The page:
The University of Wisconsin football team’s defense had done its part, forcing a three-and-out after an interception had given Rutgers great field position.
But senior outside linebacker Andrew Van Ginkel wasn’t satisfied. On fourth down, he exploded through a hole and blocked a 45-yard field goal attempt by Justin Davidovicz in the second quarter Saturday at Camp Randall Stadium.
“It was kind of just an effort play,” Van Ginkel said after the Badgers’ 31-17 victory over the Scarlet Knights. “I saw that there was a gap there and I just took it. It’s something that we didn’t really scout it, it’s just our regular field goal block and basically it’s just an effort play.”
If Van Ginkel didn’t block the kick, there was a pretty good chance that teammate Caesar Williams would have. Williams came flying in alongside Van Ginkel after both players did what they were taught – squeeze into an inside gap.
Senior safety D’Cota Dixon ended up with the ball and returned it 34 yards to the Rutgers 41. The Badgers didn’t cash in, going three-and-out, but Connor Allen pinned Rutgers deep in its own territory with a 28-yard punt.
Allen’s only other attempt, a 34-yarder, also pinned Rutgers inside its 10-yard line.
It was a bounceback performance for a UW special teams unit in need of one. The Badgers struggled last week against Northwestern, finishing with three penalties.
“It was certainly good to see,” UW coach Paul Chryst said of the special teams contributions vs. Rutgers.
UW starts 3 freshmen on defensive line
The Badgers started three freshmen defensive linemen against Rutgers on Saturday.
With senior nose tackle Olive Sagapolu (right arm) out, true freshman Bryson Williams became the 23rd UW player to make his first career start this season. Sophomore defensive end Isaiahh Loudermilk (left leg) remained limited despite returning from a three-game absence, meaning redshirt freshmen Kayden Lyles and Matt Henningsen started alongside Williams.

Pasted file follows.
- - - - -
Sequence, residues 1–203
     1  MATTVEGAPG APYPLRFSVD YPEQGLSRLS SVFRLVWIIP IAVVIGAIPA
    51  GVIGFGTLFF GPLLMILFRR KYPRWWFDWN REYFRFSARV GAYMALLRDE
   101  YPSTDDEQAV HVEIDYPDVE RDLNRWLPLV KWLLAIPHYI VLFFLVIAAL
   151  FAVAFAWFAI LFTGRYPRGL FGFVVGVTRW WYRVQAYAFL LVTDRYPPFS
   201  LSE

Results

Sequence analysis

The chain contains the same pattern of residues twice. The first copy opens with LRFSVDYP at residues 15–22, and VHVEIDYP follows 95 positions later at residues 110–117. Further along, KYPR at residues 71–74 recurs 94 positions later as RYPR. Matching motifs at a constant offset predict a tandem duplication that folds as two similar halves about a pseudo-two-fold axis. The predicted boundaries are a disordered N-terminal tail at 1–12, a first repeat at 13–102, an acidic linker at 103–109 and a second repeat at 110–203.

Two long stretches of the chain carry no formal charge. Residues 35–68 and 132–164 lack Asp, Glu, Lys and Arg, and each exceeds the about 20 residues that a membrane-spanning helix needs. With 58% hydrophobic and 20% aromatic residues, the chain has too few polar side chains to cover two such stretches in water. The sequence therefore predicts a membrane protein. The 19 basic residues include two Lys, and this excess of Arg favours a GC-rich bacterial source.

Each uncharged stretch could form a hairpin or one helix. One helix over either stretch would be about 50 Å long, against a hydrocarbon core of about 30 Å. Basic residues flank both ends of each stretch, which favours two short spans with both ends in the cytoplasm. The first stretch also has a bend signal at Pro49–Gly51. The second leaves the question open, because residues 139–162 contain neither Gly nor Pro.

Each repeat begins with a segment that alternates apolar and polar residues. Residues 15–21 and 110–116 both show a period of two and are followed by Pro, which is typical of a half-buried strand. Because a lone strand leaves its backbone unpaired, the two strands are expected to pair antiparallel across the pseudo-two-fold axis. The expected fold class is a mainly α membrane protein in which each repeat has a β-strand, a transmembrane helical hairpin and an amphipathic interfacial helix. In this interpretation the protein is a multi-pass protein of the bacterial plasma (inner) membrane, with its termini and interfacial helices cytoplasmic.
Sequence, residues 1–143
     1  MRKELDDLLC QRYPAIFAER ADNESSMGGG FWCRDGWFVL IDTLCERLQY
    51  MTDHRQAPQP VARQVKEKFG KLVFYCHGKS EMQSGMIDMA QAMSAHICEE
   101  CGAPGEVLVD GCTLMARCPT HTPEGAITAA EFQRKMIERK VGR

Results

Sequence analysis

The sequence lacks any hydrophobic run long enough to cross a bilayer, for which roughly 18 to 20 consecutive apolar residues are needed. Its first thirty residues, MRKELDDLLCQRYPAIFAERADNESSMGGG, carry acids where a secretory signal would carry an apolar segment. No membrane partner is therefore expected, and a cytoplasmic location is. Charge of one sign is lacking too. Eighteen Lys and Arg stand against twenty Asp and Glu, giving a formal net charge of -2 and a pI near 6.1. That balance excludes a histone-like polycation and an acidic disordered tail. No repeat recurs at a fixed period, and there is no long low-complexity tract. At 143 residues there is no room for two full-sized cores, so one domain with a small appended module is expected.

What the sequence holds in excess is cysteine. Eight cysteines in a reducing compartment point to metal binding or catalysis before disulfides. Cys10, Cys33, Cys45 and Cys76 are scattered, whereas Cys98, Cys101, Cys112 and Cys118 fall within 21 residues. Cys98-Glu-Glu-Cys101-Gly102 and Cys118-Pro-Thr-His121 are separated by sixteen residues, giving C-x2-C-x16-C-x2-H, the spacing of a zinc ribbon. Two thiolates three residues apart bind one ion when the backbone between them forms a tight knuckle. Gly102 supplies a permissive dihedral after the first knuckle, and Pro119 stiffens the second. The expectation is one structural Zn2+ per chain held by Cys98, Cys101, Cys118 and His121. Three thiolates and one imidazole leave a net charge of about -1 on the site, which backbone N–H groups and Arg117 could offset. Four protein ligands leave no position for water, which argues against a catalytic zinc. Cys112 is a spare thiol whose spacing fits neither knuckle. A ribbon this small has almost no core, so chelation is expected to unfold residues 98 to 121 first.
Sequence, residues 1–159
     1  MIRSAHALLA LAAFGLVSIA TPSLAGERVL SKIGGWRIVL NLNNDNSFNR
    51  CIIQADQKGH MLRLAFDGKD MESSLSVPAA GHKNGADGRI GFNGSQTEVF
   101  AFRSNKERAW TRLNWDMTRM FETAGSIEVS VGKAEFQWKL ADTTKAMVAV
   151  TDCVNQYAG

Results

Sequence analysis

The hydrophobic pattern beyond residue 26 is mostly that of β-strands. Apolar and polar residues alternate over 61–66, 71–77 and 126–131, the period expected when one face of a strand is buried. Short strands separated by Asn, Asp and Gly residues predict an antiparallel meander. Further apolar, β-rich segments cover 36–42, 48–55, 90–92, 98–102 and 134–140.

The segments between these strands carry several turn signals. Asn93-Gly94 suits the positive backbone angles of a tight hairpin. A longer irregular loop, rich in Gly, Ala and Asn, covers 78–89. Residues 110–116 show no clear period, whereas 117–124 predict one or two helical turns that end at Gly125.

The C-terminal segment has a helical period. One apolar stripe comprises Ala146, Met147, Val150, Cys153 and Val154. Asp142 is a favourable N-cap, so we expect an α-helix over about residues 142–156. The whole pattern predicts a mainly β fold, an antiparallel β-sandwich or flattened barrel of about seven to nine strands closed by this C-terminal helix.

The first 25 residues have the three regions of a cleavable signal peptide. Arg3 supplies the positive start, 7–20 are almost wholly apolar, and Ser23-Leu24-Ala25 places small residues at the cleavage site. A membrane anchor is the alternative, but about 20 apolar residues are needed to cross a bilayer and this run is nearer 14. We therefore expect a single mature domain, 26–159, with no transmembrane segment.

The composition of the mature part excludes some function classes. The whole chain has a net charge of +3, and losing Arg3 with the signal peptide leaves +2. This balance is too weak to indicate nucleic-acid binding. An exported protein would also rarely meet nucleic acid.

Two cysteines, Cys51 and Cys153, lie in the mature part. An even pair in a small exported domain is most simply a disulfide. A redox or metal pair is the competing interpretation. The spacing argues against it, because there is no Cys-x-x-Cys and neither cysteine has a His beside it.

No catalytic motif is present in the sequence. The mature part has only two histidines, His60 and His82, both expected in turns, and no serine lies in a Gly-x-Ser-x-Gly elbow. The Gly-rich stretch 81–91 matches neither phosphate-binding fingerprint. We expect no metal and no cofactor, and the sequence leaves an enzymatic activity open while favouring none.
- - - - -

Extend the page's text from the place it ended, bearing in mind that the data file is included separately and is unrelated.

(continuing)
“For my first start, I thought I was going to be a lot more nervous than I actually was,” Williams said. “All week I kind of put a little more stress on myself to make sure there wasn’t a huge drop-off with Olive being out. I just wanted to make sure I did my job and nothing more, nothing less.”
It’s a lineup that appeared unthinkable early in the past offseason. Junior defensive end Garrett Rand suffered a season-ending Achilles injury in May, and Lyles moved from offensive line to defensive line shortly before fall camp began.
Henningsen, a walk-on, also came out of nowhere this fall, taking advantage of injuries to Rand and Loudermilk to earn a role.
“That’s something we talked about (Friday), actually,” Williams said. “We looked back to spring and we told ourselves, who would have thought this would happen — three freshmen, one that came from offense? We all felt good about it, though. We were excited, for sure.”
Attendance lacking at Camp Randall
The announced attendance of 74,379 for Saturday’s contest was the lowest for a conference game at Camp Randall Stadium since 1992, when 48,754 fans showed for UW’s 34-6 win over Minnesota.
That 1992 season marked the Badgers’ eighth straight year with a losing record before former head coach Barry Alvarez led UW to the Rose Bowl in 1993.
At kickoff Saturday against Rutgers, the number of fans in their seats were far fewer than that announced total of 74,379.
“I think I saw it in the second quarter,” UW wide receiver A.J. Taylor said. “I was like, ‘Oh, there’s not a whole lot of people here today.’ … I want the fans to be happy. I want to entertain them. But you can’t worry too much about that. You’ve just got to play the game.”
UW picks up 2019 commitment
One day after UW lost commitment Marcus Graham to Stanford, the Badgers added another pledge in their 2019 class to replace him.
Three-star linebacker Maema Njongmeta announced Saturday evening on Twitter that he’ll play for UW next season after visiting Madison this weekend. He reportedly received an offer from the Badgers on Tuesday.
The 6-foot-1, 215-pound prospect from Stevenson High in Lincolnshire, Ill., also held reported offers from Iowa State, Bowling Green, Army and a host of Ivy League schools, among others.